new : penury of fuel - all 8 french refineries blockaded : useful maps
cathedral labyrinths and mazes in France
using metal in gothic cathedral construction
paying at the péage (toll station)
Germans in France
cathedral destruction during the French revolution, subsidiary page to Germans in France
on first arriving in France - driving
France is not England
Transbordeur bridges in France and the world 2: focus on Portugalete, Chicago,
Gustave Eiffel’s first work: the Eiffel passerelle, Bordeaux
a fifth bridge coming to Bordeaux: pont Chaban-Delmas, a new vertical lift bridge
France’s western isles: Ile de Ré
France’s western iles: Ile d’Oleron
Ile de France, Paris: in the context of Abelard and of French cathedrals
short biography of Pierre (Peter) Abelard
Marianne - a French national symbol, with French definitive stamps
la Belle Epoque
Grand Palais, Paris
Pic du Midi - observing stars clearly, A64
Carcassonne, A61: world heritage fortified city
Space City, Toulouse
the French umbrella & Aurillac
50 years old:
the Citroën 2CV:
a French motoring icon
the forest as seen by Francois Mauriac, and today
Les Landes, places and playtime
roundabout art of Les Landes
mardi gras! carnival in Basque country
country life in France: the poultry fair
what a hair cut! m & french pop/rock
Le Tour de France: cycling tactics
Aerial view of Monpazier, showing rectangular
Bastides were originally walled towns,
centred around a market square, with the houses set in narrow streets, often
to a grid layout. The bastides were fortified to protect the inhabitants from
Bastides were founded during the Hundred Years
War between England and France, mainly in South-Western France. They were
new towns, mainly set up on frontier and disputed lands to establish a border
and a defensive presence. People were subsidised to settle there, in a manner
very similar to the kibbutz settlements in Israel.
bastide town of Navarrenx
|above: attractive balcony on town house
below: ironmonger’s sign
| above: fashion shop / below: florists
There were conflicting territorial and economic interests between the King
of France and the King of England, who was also Duke of Aquitaine. The resulting
ongoing dispute was the Hundred Years War.
During the Albigensian wars - crusades against the Cathar
heretics in Occitaine - the French Capetian kings took hold of Occitaine.
However, the Capetians needed to further consolidate against English power,
which had been strengthened by the marriage of
Henry II with Eleanor of Aquitaine in 1152.
Kings of the bastide-building period included:
France: Philippe le Hardi (the Bold), Philippe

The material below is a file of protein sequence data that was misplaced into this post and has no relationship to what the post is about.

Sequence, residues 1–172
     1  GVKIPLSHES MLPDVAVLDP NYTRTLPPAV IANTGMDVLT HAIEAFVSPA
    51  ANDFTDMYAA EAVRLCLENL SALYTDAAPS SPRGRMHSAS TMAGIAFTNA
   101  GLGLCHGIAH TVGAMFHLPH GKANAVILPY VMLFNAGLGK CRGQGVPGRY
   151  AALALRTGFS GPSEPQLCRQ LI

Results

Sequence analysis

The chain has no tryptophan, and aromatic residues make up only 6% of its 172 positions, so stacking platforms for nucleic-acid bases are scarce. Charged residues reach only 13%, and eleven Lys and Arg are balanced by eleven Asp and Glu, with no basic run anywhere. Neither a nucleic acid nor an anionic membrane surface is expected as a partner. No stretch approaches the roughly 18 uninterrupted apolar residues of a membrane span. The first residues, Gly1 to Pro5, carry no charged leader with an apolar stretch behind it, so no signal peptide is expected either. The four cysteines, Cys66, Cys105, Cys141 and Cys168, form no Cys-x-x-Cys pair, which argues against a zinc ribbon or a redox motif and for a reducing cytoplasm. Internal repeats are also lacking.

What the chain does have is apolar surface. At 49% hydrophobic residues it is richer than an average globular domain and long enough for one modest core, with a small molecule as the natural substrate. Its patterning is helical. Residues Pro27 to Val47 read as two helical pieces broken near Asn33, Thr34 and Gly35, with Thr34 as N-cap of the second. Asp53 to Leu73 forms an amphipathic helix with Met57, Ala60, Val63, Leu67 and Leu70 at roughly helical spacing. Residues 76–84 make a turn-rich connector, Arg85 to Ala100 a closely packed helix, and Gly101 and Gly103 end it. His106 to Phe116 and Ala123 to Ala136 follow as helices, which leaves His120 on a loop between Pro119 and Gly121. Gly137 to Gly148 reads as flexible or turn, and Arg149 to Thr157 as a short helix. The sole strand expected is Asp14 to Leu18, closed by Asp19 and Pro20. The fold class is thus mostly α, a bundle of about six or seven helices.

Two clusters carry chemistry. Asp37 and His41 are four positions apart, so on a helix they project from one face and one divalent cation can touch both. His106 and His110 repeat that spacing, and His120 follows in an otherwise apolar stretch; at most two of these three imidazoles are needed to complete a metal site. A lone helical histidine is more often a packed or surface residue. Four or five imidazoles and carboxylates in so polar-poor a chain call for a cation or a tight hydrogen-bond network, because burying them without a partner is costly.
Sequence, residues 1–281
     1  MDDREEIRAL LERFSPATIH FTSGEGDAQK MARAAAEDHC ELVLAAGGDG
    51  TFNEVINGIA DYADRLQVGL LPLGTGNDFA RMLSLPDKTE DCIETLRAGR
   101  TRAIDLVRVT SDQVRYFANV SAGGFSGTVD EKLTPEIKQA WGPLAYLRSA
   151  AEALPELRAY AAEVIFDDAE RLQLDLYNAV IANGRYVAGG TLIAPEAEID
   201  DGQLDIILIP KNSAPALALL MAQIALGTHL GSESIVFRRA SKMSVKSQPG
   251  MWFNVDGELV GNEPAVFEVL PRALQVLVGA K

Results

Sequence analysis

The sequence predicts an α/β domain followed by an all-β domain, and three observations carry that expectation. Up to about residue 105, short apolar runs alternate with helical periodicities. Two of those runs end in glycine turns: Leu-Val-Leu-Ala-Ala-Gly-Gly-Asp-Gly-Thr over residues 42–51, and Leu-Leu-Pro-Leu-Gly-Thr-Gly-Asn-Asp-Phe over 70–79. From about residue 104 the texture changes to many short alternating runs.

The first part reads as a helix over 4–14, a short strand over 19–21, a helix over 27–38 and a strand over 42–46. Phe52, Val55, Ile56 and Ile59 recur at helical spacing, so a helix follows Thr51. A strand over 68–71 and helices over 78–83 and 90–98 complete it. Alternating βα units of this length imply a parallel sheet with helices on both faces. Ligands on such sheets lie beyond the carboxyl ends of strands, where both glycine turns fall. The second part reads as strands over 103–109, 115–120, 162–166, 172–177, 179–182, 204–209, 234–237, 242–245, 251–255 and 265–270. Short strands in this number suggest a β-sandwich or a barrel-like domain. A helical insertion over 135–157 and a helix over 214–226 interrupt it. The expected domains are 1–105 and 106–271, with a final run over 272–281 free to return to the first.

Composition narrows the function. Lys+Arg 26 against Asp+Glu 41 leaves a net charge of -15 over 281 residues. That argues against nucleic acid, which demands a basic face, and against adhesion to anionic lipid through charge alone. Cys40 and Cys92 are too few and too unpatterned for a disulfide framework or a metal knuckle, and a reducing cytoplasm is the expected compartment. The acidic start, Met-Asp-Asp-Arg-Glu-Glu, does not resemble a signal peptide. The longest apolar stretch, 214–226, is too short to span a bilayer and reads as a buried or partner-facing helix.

le Bel (the Fair), Louis XIII (Saint)
England: Henry III, Edward I (Confessor),
Both sides made a systematic entrenchment, with control of local populations.
This digging-in included land and forest clearance. As part of this process,
hundreds of bastides, new fortified towns, were founded for political, military
and economic necessity. Between 1260 and 1325, bastides were built on the
frontier between Anglo-Aquitaine Périgord [now Dordogne] and the
diocese of Agen [the Agenais], stretching from the Pyrenees to the Périgord,
Carcassone to Bordeaux. [Agenais was owned by the Count of Toulouse, Alphonse
of Poitiers (1220 - 1271), brother of Louis IX.]
Between 1256 and 1270, Alphonse of Poitiers built Monflanquin, Castillonnès,
Villefranche-de-Périgord, Villeréal, Eymet.
From 1267, Henry III built Lalinde; Edward I built Beaumont, Molières,
In all over 300 bastides were built in fifteen
departements in France:
Ariège - Aude - Aveyron - Dordogne - Gard - Gers - Gironde - Haute
Garonne - Hautes Pyrénées - Landes - Lot - Lot et Garonne -
Pyrénées Atlantiques - Tarn - Tarn et Garonne.
Ownership often changed as the battles raged back and forth. For example,
Domme, originally French, became English in 1346, before returning to the
French the next year. However, the English grabbed Domme again in 1393 after
a 24 year seige. After French seiges, Domme became French once more in 1438.
During the Wars of Religion, Domme was again a focus of battles and seiges.
The Hundred Years War between various English and French kings ended in 1453.
This was followed, about a century later, by the Wars of Religion when, from
1560 to 1598, Protestant Huguenots and Catholics fought (both sides being
Each bastide was founded on the basis of a charter. The bastide’s
founder, the king or his representative - abbé or count, gave land.
Legal and economic privileges were granted to the people who built the town
and worked there. Their freedom, safety and property ownership was guaranteed.
In return, the king could raise taxes and troops in the event of war.
Part of the bastide town of Sauveterre, showing
progressive additions to a section of the walled town
androne at Navarrenx
- having a charter giving the terms under which the bastide was founded.